The most interesting thing I’ve found so far is someone who could be directly related to my mostly “British Isles” father-in-law, showing up as a “5th to 8th cousin” to me, probably through that Scandinavian part of my DNA. So I’m related to my husband? Who knew!

  3. BCarroll

    It would help so much if those hits with a name common to my own tree would be listed as such.

  4. scwbcm

    Thank you for keeping your commitment to provide the raw data and continue to work on new tools. The Scandinavian ethnicity was specifially mentioned as being in need of refinement but I hope you are also looking at those of us who had the very high British Isles. I know there are quite a few of us who have expressed concerns on the boards and some with their personal blogs. Many have expressed concerns that it is unlikely we resided in such close proximity to the Scandinavian group without their being some crossover. It will work out it the end.

  5. BCarroll

    I do have a question about raw DNA results. Do women who take this test only ‘produce’ raw X DNA results? And do men who take this test produce raw X and raw Y results? I am a bit confused and would love an explanation on this.

    And if a brother and sister both took this test, would the results for the brother be more complete (having x and y) than the sisters? I would really appreciate a basic, down to earth answer on that. Thanks!

  6. Andrea

    I agree with Marshall. Would really love the ability to search through my matches for common surnames…ones that I don’t have in my tree already.

  7. kimberly l Coleman

    Trying to find anything about my father his name was is Mark Samuel Coleman he was also a member of the LDS church would love.anything on him have no family really left dad dead mom dead brothers one dead don’t know other grandparents he was married to my mother here’s Mae Wiggins I think I am supposed to have a brother and his last name is Coleman too

  8. BCarroll, this test does not test the sex chromosomes. This test is for the autosomal chromosomes (the rest of your genetic makeup). While a brother and sister will have different ethnicities due to recombination, a brother doesn’t have a better result than a sister (or vice versa).

  9. Kevin

    My mom submitted a sample and while I can see her results as the account holder, she cannot without logging in through my account. It would be great if there was a way I could make those results available to her to view on her own without needing to access my account. This, of course, would be nice to have for anyone who is administering tests to others.

  10. Sherri

    I would like it if there was a better way to match DNA test to some from FamilyTree DNA, it seems very complicated now and we have some people in our DNA group who have tested using both programs.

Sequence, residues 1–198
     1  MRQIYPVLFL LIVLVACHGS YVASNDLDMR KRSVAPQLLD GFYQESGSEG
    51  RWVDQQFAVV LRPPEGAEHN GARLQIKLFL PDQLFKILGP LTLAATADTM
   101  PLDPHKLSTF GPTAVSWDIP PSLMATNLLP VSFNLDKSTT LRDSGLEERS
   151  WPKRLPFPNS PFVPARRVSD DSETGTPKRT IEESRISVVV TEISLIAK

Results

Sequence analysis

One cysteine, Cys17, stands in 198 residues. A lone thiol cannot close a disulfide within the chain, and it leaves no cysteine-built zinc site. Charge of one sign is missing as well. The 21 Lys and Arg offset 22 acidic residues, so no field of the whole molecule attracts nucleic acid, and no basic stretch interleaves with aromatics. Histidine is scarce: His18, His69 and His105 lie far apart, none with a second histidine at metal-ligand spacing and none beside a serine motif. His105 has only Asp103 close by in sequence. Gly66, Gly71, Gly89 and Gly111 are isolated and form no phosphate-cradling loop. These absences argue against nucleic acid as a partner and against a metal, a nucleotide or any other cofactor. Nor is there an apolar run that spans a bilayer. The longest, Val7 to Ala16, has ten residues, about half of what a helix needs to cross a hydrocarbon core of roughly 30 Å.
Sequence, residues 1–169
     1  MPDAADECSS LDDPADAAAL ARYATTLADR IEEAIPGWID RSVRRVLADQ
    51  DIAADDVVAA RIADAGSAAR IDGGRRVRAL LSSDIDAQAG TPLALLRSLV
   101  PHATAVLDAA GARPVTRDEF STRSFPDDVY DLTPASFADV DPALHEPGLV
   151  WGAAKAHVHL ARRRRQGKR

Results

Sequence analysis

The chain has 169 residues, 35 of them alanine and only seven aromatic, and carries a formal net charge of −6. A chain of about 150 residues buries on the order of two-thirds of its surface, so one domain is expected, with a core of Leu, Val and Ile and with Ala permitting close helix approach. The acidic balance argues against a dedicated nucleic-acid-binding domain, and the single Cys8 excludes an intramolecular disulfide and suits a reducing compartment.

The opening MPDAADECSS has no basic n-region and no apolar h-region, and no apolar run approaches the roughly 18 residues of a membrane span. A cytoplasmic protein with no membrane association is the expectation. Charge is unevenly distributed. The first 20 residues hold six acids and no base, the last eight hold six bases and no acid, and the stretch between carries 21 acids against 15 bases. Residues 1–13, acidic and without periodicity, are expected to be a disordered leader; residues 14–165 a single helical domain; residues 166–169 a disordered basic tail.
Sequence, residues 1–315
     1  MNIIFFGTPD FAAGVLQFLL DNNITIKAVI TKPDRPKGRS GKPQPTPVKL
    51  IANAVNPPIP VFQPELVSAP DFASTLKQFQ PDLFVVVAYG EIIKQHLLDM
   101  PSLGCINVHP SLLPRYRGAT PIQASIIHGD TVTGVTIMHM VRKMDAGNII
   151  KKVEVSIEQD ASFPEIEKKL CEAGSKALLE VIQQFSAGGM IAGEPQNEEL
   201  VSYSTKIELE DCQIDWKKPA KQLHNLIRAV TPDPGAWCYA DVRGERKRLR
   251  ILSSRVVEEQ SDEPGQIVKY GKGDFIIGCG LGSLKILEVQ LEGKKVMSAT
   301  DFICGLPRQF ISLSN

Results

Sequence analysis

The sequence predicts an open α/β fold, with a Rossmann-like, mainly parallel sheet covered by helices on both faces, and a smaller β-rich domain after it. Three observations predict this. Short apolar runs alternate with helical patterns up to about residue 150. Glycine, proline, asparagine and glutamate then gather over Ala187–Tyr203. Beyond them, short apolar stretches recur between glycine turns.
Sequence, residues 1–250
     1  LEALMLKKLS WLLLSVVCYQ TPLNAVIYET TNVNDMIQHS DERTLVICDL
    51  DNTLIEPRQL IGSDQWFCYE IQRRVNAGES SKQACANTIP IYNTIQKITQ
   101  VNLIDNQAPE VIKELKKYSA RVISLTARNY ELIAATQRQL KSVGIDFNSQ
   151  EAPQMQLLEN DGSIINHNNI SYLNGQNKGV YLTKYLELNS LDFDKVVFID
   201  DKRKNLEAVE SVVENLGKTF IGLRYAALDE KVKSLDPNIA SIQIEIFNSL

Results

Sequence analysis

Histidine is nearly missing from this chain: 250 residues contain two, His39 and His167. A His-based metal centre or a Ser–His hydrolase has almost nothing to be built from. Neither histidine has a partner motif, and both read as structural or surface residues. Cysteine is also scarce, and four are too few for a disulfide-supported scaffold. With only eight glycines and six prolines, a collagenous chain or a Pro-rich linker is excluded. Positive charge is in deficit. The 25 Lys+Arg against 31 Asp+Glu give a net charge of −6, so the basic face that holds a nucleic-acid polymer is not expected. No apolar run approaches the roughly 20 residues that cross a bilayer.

• Trevor Thacker

      Sherri, If you have taken a Y-DNA or mtDNA test from another DNA testing company, you are able to manually enter and edit your results for matching with members who have results for either of these tests on their account. Click here for more information:

  11. deedlegirl

    It would be a complete product if a Chromosomal browser was available. Having to go to gedmatch to upload our raw data is a shame.

  12. Karen

    I agree deedlegirl. Without an “in common with”/ triangulation tool & a segment matching/chromosome browser tool, the matching trees are worthless. Having found over 300 trees with ancestral matches, while waiting for some real tools, now I find there is still nothing I can do with them. There is no science (and sometimes no research) in the member trees. Even taking the raw data to gedmatch doesn’t help with the matching trees unless all those matches do the same. Having done other genetic genealogy tests, I am very disappointed with AncestryDNA.

  13. Donna Campbell Goodwin

    I used 23andMe for my MtDNA test. Can this be used/transfered to Trevor?

    • Trevor Thacker

      Donna, will allow you to enter your mtDNA results on our website, as long as the testing done was the same category of DNA testing we do. While other companies may not test the exact same markers, you can still add your results and compare them with others in the database.

  14. Kathy Brown

    I agree with Kevin on Mar 27. The people we had tested through our account need to be able to study their test without getting into our account. I have told them to just please be careful and don’t change or edit anything in the tree…but it would be nice if they could study it at their leisure. I think this is an important one!

  15. David Powell